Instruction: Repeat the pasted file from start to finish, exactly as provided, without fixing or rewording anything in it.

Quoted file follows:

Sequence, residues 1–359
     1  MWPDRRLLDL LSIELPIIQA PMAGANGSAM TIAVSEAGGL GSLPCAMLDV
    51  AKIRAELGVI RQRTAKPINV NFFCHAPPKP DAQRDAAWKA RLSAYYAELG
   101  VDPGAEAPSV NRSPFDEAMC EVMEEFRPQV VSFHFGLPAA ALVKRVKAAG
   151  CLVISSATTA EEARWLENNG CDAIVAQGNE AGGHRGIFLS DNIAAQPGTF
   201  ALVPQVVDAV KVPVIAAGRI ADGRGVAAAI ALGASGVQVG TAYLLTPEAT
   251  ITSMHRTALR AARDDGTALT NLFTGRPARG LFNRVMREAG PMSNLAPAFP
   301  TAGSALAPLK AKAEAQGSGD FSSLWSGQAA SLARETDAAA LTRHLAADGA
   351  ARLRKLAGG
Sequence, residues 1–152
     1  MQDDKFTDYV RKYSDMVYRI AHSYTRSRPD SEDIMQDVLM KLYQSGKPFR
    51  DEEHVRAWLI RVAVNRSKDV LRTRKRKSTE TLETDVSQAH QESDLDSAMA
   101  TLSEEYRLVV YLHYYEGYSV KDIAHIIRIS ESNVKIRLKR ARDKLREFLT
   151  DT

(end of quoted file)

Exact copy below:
Sequence, residues 1–359
     1  MWPDRRLLDL LSIELPIIQA PMAGANGSAM TIAVSEAGGL GSLPCAMLDV
    51  AKIRAELGVI RQRTAKPINV NFFCHAPPKP DAQRDAAWKA RLSAYYAELG
   101  VDPGAEAPSV NRSPFDEAMC EVMEEFRPQV VSFHFGLPAA ALVKRVKAAG
   151  CLVISSATTA EEARWLENNG CDAIVAQGNE AGGHRGIFLS DNIAAQPGTF
   201  ALVPQVVDAV KVPVIAAGRI ADGRGVAAAI ALGASGVQVG TAYLLTPEAT
   251  ITSMHRTALR AARDDGTALT NLFTGRPARG LFNRVMREAG PMSNLAPAFP
   301  TAGSALAPLK AKAEAQGSGD FSSLWSGQAA SLARETDAAA LTRHLAADGA
   351  ARLRKLAGG
Sequence, residues 1–152
     1  MQDDKFTDYV RKYSDMVYRI AHSYTRSRPD SEDIMQDVLM KLYQSGKPFR
    51  DEEHVRAWLI RVAVNRSKDV LRTRKRKSTE TLETDVSQAH QESDLDSAMA
   101  TLSEEYRLVV YLHYYEGYSV KDIAHIIRIS ESNVKIRLKR ARDKLREFLT
   151  DT